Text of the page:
[t]he acceptance of a guilty plea to lesser included offenses while charges on the greater offenses remain pending ․ has none of the implications of an “implied acquittal” which results from a verdict convicting a defendant on lesser included offenses rendered by a jury charged to consider both greater and lesser included offenses.
In fact, in United States v. Williams, 534 F.2d at 121-22, which was decided eight years before Johnson, we rejected the argument that a guilty plea to a lesser included offense was an implied acquittal of the greater offense. In the course of holding that double jeopardy did not bar prosecution on greater offense after a defendant had his guilty plea to a lesser offense vacated, we stated:
[Defendant] was not, in the proceedings in which his guilty plea was accepted, in direct peril of being convicted and punished for violating [the greater offenses]. He was not forced to run the gauntlet on those charges. No trier of fact refused to convict on those charges and none was given the choice between finding him guilty on either of those charges․ The district judge had the ․ options of accepting or rejecting the plea on the [lesser] charge. By accepting it he made no determination, explicit or implicit, on the merits of the charges not embraced in the plea. There was no implicit acquittal․ A plea to a lesser charge necessarily deprives court and jury of an opportunity to consider the greater charge.
Id. at 121-122 (footnote omitted). Although Williams is distinguishable because in that case the defendant sought to have his guilty plea set aside, we nonetheless believe the above reasoning applies to the instant case.
We also realize that Ohio v. Johnson is distinguishable. As the district court pointed out, in that case the state charged the defendant in a single indictment and objected to acceptance of guilty pleas, whereas Bally was charged in two indictments and the state did not object to acceptance of his plea. However, faced with similar circumstances in United States v. Santiago Soto, 825 F.2d at 619, the Fifth Circuit has also relied on Ohio v. Johnson to conclude that double jeopardy did not bar a second indictment charging greater offenses after a court accepted but, over the government's objection, sua sponte vacated a guilty plea. The court believed Johnson was instructive even though charges for the greater offenses were not even pending at the time of the plea, reasoning that “[u]nderlying Johnson is the proposition that acceptance of a guilty plea is legally different from a conviction based on a jury's verdict.” Id.
Because we believe that acceptance of Bally's guilty plea to DWI did not constitute an implied acquittal of the vehicular assault and manslaughter charges, we hold that Bally's prosecution on those charges did not violate the Double Jeopardy Clause. We therefore do not address the state's alternative argument that Bally's alleged inequitable conduct constituted an impermissible use of double jeopardy as a “sword.”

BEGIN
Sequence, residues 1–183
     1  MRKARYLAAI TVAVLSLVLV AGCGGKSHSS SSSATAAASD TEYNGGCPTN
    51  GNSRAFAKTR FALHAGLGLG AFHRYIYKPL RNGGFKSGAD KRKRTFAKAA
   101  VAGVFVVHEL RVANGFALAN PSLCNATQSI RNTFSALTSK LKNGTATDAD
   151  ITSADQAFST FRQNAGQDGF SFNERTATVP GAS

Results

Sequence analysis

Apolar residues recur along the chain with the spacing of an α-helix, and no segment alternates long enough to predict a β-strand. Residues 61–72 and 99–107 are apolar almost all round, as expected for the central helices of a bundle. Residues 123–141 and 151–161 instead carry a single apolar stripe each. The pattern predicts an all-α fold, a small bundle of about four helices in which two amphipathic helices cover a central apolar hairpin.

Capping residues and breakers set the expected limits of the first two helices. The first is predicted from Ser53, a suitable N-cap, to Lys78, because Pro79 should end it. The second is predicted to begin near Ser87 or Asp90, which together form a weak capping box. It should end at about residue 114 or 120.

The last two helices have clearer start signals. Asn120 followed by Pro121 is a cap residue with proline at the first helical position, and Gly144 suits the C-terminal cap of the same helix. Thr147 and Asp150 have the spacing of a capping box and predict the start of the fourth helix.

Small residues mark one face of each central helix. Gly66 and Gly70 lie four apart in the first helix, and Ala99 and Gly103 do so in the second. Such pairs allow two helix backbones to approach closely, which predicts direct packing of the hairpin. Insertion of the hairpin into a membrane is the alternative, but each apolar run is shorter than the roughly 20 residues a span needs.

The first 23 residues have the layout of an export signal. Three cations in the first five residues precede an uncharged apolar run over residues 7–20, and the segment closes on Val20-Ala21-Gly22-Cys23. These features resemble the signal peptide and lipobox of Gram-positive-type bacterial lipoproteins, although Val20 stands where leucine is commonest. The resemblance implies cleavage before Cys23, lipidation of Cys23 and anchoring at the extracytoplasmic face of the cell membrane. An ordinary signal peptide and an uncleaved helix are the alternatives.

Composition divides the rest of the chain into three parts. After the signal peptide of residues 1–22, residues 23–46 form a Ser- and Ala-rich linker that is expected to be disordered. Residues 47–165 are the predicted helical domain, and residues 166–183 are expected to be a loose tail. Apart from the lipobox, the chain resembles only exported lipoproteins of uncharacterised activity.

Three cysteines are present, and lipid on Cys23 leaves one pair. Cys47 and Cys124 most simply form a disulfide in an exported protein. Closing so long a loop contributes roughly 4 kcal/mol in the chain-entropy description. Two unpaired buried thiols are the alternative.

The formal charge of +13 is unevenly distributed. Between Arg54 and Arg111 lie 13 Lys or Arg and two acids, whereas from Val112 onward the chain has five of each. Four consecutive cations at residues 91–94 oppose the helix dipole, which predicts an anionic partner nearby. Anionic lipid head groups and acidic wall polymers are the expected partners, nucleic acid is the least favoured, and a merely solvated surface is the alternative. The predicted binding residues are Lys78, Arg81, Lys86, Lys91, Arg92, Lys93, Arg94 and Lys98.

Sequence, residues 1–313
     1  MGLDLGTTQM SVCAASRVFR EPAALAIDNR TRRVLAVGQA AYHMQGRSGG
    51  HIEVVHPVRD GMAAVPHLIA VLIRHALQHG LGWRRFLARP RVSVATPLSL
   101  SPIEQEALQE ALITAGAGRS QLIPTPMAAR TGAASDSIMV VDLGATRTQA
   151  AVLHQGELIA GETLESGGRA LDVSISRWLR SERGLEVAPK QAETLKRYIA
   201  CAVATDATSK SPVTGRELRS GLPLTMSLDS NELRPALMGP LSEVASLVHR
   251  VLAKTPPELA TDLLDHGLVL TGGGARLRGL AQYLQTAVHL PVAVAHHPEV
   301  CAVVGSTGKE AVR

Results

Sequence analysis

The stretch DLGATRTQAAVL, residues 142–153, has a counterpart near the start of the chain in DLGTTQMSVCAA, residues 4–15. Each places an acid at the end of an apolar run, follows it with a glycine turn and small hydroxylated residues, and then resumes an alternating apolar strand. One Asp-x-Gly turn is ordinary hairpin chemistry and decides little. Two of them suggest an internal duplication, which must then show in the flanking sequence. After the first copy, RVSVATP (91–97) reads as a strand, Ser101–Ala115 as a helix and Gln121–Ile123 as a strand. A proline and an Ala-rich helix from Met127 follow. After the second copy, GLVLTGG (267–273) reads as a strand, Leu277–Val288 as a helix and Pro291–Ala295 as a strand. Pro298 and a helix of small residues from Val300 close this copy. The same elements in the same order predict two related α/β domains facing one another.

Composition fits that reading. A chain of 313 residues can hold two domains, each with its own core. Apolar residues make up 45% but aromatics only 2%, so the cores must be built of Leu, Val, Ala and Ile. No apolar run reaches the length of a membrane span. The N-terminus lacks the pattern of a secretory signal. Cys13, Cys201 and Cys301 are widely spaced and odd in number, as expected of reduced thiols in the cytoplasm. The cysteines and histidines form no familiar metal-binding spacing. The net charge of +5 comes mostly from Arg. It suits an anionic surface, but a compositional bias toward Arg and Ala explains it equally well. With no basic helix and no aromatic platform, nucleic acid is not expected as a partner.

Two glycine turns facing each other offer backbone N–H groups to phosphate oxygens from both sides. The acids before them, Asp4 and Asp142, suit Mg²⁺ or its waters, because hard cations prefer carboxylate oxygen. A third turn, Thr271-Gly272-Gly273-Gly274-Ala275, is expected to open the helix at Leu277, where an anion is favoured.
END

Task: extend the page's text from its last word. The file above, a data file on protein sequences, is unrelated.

Accordingly, we reverse the judgment of the district court.
1. On direct appeal, the state did not dispute Bally's contention that it knew at the time of the plea hearing that Thomason had died, 869 S.W.2d at 778 n. 1, and, as to the manslaughter charge, apparently did not rely on the “necessary facts” exception to double jeopardy. This exception “may exist where the State is unable to proceed on the more serious charge at the outset because the additional facts necessary to sustain that charge have not yet occurred or have not been discovered despite the exercise of due diligence.” Brown v. Ohio, 432 U.S. 161, 169 n. 7, 97 S.Ct. 2221, 2227 n. 7, 53 L.Ed.2d 187 (1977).
2. “The Double Jeopardy Clause ․ is stated in brief compass: ‘[N]or shall any person be subject for the same offense to be twice put in jeopardy of life or limb.’ ” Crist v. Bretz, 437 U.S. 28, 32, 98 S.Ct. 2156, 2159, 57 L.Ed.2d 24 (1978). “But this deceptively plain language has given rise to problems both subtle and complex[.]” Id. Justice Rehnquist has observed that “[d]espite its roots in antiquity, however, this guaranty [against double jeopardy] seems both one of the least understood and ․ most frequently litigated provisions of the Bill of Rights.” Whalen v. United States, 445 U.S. 684, 699, 100 S.Ct. 1432, 1442, 63 L.Ed.2d 715 (1980) (Rehnquist, J., dissenting).
3. In this appeal the state concedes, as it did in the past, that DWI is a lesser included offense of vehicular assault and manslaughter.
4. We are aware that in Crist v. Bretz, 437 U.S. at 38, 98 S.Ct. at 2162, the Supreme Court held that the federal rule that jeopardy attaches in a jury trial when the jury is empaneled and sworn was an “integral part of the constitutional guarantee against double jeopardy” and thus binding on the states.
HENLEY, Senior Circuit Judge.